LCL 288: 392-393
aether of the De Caelo, where we are told that it is ungenerated, indestructible and divine, and endowed with circular motion (269 a 31, 270 a 12, b 10, 289 a 15). It would seem, then, that πνεῦμα is found in all liquids; it is characterized by heat and (perhaps) foam or froth; it is associated with boiling (479 b 32); it forms a link between the immaterial and the material; and it is a kind of motive force. All this suggests something very like steam, or perhaps the capacity of liquid to be evaporated and expanded by heat.a
At any rate the pulsation of the heart and blood-vessels is attributed by Aristotle to the aeration or pneumatization of the liquid food as it reaches the heart and is converted into blood, and is expanded by the intense soul-heat which is concentrated in that region. Probably the expansion is conceived as spasmodic, being continually checked as fresh supplies of cold liquid food arrive; but the theory may have been suggested by the vibration of a cooking-vessel when liquid is boiled in it.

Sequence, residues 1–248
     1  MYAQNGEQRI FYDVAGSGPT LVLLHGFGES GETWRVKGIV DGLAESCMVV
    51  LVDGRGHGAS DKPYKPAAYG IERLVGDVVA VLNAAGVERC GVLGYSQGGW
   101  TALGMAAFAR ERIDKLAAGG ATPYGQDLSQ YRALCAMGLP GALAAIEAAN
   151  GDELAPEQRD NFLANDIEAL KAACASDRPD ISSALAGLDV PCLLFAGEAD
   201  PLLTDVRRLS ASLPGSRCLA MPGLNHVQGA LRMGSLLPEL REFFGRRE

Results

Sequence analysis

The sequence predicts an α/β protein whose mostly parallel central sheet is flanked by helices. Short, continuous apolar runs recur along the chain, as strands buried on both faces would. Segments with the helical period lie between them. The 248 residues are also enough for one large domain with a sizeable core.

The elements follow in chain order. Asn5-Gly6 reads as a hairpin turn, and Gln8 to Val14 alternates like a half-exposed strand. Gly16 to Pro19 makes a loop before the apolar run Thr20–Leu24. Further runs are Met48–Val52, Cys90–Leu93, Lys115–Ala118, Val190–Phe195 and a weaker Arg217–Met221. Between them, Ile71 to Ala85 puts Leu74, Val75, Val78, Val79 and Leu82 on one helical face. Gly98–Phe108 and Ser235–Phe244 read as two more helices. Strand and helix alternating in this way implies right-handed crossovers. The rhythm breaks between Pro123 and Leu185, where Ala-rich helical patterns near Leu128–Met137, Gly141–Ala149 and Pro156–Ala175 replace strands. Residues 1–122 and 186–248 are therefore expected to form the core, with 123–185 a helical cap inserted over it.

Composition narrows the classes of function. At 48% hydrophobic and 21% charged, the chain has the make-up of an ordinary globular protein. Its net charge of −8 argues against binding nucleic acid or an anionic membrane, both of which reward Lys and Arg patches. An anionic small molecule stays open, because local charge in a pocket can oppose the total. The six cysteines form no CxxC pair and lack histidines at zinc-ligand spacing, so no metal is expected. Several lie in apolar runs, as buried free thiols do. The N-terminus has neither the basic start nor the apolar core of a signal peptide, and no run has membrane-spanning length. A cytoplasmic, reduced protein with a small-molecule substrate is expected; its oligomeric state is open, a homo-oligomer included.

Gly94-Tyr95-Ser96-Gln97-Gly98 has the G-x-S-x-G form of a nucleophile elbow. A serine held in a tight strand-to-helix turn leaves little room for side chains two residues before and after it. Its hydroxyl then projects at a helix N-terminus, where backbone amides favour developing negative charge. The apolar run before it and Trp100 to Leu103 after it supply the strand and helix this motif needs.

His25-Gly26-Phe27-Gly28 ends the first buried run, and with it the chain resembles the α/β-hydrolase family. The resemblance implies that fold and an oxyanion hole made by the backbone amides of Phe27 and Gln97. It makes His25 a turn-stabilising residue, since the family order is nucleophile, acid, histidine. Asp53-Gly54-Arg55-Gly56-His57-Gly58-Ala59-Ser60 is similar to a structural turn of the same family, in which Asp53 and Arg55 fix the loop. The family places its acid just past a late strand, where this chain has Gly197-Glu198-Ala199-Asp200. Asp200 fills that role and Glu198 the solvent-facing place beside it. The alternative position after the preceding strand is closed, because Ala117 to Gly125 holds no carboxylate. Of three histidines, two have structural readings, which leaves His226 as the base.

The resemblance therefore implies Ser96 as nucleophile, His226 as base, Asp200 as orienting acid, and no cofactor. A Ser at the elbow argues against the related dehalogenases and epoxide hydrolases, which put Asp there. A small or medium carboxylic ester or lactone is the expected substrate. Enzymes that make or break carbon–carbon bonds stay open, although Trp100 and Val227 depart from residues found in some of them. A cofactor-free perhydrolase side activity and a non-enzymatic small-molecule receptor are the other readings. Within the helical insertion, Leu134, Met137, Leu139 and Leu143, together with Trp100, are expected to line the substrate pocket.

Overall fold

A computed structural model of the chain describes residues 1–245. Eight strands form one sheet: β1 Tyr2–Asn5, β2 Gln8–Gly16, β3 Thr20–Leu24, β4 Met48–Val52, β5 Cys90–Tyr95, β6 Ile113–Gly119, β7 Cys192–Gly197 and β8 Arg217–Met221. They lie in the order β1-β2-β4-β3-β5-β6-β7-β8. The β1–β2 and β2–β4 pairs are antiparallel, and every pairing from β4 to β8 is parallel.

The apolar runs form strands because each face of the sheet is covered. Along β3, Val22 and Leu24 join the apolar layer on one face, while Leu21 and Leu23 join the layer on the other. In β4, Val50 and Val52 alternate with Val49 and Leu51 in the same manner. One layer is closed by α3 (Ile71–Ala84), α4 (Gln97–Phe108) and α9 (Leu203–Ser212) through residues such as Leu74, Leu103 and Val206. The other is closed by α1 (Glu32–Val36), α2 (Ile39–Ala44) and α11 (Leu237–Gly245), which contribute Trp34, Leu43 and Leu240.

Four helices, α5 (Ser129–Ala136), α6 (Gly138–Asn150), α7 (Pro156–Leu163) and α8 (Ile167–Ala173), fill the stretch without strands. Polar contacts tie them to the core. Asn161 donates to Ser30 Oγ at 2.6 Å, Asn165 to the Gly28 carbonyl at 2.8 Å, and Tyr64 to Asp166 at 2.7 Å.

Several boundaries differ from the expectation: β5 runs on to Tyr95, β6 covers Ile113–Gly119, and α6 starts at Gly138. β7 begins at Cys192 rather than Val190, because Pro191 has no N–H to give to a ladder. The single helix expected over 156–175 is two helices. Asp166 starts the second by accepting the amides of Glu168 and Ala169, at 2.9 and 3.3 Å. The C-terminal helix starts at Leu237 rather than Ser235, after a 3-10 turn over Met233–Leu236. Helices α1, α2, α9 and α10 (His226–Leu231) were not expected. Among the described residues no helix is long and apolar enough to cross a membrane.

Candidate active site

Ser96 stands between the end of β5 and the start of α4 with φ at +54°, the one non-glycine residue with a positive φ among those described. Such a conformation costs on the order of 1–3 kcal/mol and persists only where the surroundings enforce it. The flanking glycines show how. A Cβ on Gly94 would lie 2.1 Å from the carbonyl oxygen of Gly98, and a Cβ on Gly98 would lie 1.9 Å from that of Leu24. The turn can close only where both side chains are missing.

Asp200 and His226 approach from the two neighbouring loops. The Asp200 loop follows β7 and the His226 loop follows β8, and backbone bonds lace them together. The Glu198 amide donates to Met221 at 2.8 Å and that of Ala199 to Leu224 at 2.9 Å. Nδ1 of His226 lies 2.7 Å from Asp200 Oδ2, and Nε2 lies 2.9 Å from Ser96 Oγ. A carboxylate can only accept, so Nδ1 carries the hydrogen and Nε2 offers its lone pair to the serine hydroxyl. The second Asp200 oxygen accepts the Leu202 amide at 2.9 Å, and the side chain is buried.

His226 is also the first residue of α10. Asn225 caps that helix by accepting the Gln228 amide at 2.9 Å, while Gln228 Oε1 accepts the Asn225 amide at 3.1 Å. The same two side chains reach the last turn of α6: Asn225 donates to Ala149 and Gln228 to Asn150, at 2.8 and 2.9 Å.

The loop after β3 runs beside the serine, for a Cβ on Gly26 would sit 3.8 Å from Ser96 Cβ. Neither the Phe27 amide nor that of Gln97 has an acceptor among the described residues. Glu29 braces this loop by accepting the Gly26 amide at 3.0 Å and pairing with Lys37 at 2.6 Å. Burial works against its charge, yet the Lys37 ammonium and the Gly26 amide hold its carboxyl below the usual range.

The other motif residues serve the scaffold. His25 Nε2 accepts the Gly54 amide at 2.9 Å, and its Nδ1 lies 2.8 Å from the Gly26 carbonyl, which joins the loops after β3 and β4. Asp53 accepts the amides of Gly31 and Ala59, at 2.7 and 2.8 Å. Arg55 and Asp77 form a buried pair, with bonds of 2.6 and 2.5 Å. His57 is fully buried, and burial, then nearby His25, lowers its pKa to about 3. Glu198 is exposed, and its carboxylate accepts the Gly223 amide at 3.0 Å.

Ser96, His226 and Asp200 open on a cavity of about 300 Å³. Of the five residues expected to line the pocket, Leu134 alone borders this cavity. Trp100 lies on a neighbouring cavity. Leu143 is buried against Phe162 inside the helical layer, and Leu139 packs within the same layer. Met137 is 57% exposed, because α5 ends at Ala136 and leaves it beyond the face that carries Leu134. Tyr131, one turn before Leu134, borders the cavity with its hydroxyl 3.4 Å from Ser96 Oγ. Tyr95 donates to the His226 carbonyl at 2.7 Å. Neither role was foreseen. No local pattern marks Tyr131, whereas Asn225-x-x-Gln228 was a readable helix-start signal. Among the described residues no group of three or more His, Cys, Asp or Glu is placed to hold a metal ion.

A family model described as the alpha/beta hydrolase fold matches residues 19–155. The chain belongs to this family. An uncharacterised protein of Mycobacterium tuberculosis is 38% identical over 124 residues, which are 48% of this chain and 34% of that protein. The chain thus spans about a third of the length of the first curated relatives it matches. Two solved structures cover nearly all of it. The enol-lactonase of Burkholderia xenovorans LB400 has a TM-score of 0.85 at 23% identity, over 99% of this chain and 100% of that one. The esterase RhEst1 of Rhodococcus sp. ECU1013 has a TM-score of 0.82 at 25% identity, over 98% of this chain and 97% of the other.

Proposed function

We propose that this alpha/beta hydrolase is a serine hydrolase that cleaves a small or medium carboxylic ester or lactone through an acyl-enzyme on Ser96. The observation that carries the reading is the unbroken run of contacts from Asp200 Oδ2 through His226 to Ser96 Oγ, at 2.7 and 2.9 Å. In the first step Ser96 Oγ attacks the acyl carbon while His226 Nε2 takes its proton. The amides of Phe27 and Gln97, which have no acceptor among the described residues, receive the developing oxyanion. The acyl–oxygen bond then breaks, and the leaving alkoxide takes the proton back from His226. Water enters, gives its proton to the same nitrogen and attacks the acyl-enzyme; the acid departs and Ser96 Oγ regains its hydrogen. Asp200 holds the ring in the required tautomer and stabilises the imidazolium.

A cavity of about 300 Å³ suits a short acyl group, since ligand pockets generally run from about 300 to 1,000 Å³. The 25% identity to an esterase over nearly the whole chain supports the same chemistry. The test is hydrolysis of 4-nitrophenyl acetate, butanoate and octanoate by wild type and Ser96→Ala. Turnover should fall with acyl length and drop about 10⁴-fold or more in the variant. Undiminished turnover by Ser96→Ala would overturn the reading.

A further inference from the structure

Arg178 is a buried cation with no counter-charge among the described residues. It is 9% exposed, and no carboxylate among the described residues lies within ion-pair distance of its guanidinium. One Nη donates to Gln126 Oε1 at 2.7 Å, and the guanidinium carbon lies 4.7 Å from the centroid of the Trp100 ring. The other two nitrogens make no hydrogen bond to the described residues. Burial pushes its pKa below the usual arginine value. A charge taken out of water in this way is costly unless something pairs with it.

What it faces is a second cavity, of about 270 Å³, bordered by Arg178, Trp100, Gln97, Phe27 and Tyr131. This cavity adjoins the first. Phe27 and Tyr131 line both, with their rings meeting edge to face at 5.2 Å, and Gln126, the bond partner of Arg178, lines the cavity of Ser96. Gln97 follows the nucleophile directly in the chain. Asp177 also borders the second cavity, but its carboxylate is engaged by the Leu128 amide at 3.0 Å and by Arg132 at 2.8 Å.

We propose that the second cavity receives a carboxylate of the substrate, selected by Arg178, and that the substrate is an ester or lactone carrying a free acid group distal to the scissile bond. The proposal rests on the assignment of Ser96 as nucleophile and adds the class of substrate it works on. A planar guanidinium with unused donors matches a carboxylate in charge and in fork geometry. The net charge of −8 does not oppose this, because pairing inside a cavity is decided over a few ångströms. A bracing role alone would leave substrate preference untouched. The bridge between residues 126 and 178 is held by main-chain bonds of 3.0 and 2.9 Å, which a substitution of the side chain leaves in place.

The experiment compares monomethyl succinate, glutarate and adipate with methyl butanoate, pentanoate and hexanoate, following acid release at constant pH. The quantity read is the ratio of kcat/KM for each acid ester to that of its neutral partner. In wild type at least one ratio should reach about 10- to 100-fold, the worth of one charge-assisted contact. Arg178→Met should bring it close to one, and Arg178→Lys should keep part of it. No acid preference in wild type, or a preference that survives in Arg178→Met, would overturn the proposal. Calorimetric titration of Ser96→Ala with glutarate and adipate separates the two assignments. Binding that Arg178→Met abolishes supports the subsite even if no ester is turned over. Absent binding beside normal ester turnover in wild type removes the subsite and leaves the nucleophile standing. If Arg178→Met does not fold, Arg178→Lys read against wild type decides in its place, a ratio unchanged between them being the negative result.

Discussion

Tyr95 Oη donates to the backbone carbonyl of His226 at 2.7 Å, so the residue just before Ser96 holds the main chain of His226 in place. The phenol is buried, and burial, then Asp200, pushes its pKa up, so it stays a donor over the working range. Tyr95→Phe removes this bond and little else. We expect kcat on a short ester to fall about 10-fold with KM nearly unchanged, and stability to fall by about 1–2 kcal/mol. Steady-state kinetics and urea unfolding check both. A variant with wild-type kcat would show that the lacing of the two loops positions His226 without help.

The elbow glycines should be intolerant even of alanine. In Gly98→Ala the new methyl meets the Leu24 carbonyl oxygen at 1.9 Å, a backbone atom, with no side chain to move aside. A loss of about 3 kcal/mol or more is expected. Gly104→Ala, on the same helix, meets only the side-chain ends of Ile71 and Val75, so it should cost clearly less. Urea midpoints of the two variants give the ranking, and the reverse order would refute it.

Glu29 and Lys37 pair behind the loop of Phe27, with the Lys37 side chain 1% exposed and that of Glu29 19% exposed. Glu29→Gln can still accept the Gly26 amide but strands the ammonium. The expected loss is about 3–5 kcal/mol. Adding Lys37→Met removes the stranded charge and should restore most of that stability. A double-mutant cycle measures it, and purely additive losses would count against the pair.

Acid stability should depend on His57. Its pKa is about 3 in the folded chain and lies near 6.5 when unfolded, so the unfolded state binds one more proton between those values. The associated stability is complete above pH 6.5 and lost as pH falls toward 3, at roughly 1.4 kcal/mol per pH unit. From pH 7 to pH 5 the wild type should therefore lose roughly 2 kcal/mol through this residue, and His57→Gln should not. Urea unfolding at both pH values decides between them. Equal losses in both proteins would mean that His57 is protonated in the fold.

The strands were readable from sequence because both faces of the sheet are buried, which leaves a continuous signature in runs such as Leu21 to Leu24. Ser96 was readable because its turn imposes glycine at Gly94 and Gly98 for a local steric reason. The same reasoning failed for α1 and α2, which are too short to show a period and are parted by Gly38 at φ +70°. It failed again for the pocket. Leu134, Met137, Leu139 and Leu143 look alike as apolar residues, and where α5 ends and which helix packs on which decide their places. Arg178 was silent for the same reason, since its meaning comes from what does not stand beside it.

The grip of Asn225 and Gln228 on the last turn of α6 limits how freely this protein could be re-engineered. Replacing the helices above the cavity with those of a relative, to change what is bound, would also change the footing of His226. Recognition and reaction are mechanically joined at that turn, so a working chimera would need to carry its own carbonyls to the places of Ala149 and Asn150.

In spite of its many shortcomings and obvious errors, it is difficult not to be impressed by the ingenuity of Aristotle’s physiological theory. The wonder is, not that he made mistakes, but that so
- aOf course this applies only to the physical conception of πνεῦμα. No doubt the term had many primitive associations of a religious and semi-mystical character. The doctrine of Pneumatism has been discussed at length by Wellman: “Die pneumatische Schule bis auf Archigenes” (Phiologische Untersuchungen xiv. (1895), Jaeger: “Das Pneuma im Lykeion” (Hermes xlviii. (1913), pp. 29-74 and Allbutt: Greek Medicine in Rome (1921), pp. 224 ff. All these accounts tend to go beyond the evidence and should be accepted with caution.
many of his conjectures, often made with very imperfect opportunities for observation, came so near to the truth. We are still unable to judge with any certainty how much of his teaching on this subject was original and how much was merely a synthesis of existing doctrines; but at least he must have the credit of having set out a fairly coherent system. If later and lesser thinkers, by attributing to his doctrines a finality which they did not deserve, hindered rather than helped the advance of knowledge, it is surely unfair to hold Aristotle himself responsible.